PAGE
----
But he permanently abandoned a law enforcement career in a move that ended up eventually helping him earn recognition as one of the top brewmasters in the nation.
In 2019, Smith became became brewmaster of Prescott’s LazyG Brewhouse ahead of its grand opening in August. He quickly went to work in a brew pub that offers customers a broad range of styles, from original IPAs to lighter, crisper beers.
LazyG sits along the Granite Creek and is located just south of Whiskey Row at 220 W. Leroux St., in Prescott.
“I had an idea about the first few batches,” Smith said. “But what I’m going to make – I’m still figuring out. I’m still brewing new beers, trying to see what’s going to be best for the pub.”
Smith, 40, has put his stamp on craft beer in the region. Smith has worked at Santa Rosa’s Russian River Brewing Company and The Bruery, a brewing company based in Placentia, California.
In 2012, he co-founded San Diego’s Societe Brewing, which has won medals in national and international beer competitions. Smith has also worked as a professional beer judge at competitions such as the Great American Beer Festival.
The California native pays attention to detail and goes through a fermentation process that starts with cracking grain in a mill and ends with gathering the waste products from yeast that eventually become alcohol.
“The active part of fermentation can take five to 12 days and the more passive part of fermentation can take several weeks,” Smith said. “Ales are about three weeks total in the fermenter, and lagers are about five weeks total in the fermenter.”
Smith said he is proud of Six-Hour Drive IPA and Doolin’s Dry Stout, which was named after the dog of pub owners Jim and Jean-Marie Bellington.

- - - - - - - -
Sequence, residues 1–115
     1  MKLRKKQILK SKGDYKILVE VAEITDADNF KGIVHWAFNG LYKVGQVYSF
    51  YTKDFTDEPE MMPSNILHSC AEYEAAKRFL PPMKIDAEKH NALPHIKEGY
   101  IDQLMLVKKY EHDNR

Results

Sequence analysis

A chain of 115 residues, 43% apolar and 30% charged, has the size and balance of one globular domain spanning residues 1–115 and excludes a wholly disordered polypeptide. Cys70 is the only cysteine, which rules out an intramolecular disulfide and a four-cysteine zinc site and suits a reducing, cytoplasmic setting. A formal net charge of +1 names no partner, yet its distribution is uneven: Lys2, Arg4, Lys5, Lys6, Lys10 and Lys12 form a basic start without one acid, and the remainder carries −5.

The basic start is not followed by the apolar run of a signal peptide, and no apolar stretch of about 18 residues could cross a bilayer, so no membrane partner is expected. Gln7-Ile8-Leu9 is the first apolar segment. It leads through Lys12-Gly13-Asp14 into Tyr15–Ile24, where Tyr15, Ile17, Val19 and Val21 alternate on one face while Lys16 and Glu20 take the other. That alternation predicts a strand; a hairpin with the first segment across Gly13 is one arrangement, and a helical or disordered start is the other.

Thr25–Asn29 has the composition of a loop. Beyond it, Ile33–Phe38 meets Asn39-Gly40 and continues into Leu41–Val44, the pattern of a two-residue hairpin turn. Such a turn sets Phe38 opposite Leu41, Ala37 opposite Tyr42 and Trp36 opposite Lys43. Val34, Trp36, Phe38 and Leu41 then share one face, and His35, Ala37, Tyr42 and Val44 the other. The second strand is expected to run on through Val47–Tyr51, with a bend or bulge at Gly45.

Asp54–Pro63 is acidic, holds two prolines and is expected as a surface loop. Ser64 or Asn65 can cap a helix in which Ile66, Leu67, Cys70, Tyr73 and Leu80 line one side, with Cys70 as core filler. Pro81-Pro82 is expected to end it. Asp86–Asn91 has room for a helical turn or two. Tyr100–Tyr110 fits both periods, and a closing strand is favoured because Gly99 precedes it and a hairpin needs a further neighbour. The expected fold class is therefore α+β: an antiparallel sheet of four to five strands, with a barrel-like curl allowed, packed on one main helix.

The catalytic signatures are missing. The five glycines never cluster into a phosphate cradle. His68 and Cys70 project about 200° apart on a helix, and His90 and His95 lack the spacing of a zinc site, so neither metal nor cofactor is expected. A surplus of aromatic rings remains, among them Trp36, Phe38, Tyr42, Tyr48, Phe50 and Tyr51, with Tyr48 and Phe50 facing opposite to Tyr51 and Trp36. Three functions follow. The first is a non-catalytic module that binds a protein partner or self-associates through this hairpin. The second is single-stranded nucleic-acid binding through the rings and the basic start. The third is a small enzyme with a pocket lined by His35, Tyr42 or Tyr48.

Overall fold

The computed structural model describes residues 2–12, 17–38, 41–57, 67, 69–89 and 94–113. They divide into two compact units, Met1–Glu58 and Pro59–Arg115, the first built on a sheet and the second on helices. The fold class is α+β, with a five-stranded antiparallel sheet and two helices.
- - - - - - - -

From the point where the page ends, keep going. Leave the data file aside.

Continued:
“I just think they are very well done,” Smith said. “[They] are exactly the way that I would want them.”
Owner Jim Bellington points to the brewmaster’s precision as a key to great beer. He said Smith doesn’t skip steps anywhere – from the sanitation process of the tanks to making sure mash rests at specific temperatures to activate naturally occurring enzymes in the malt.
“We don’t want to do anything to compromise that,” Bellington said. “… Travis is extremely good at what he does. The processes he uses consistently help produce consistently great beer.”
LazyG has its beer featured locally at Park Plaza Liquor & Deli as well as the Barley Hound. The brewpub’s beer is on tap in the Valley at OHSO in Paradise Valley and at Boulders on Broadway in Tempe.
So far, Six-hour Drive, Sunshine Blonde and HazyG are among the favorite beer types of customers, according to Smith.
Smith said the beer-making process is similar to a chef methodically mixing ingredients in a kitchen.
The brewmaster knows how important it is to understand the different malts and the flavors they produce. On one occasion, he had to get rid of thousands of dollars worth of beer – a costly mistake he doesn’t want to repeat.
“One of them was almost $8,000,” Smith said. “It’s not worth it to tarnish the reputation to serve an inadequate product.”
Bellington thinks his brewmaster is one of the main ingredients that keep customers flowing through the restaurant doors. He said it was of “good fortune” that Smith responded to an employment ad and moved to Prescott with his family before taking the job in May.
The owner came from a 45-year career in the golf industry before opening up the brewpub. He and his wife purchased the property in 2007 and eventually converted it from a trailer park last year.
He said elements of the golf industry aren’t all that different from the goals they are trying to accomplish at their local restaurant.
“We’ve got customers that we are servicing,” Bellington said. “It’s all about giving them a good experience. It’s no different on a golf course. You need to have the golf course prepared, the staff ready and welcome them when they show up and make sure they have a good time while they are there.”
Smith said it’s fair to compare him to a “mad scientist” of sorts when you look at his precision and methodology.
He said he will continue to use the center’s four fermenters to make quality craft beer to help customers keep coming back.
“That’s it,” Smith said. “One day, one week at a time. One batch at a time.” QCBN
By Brent Ruffner, QCBN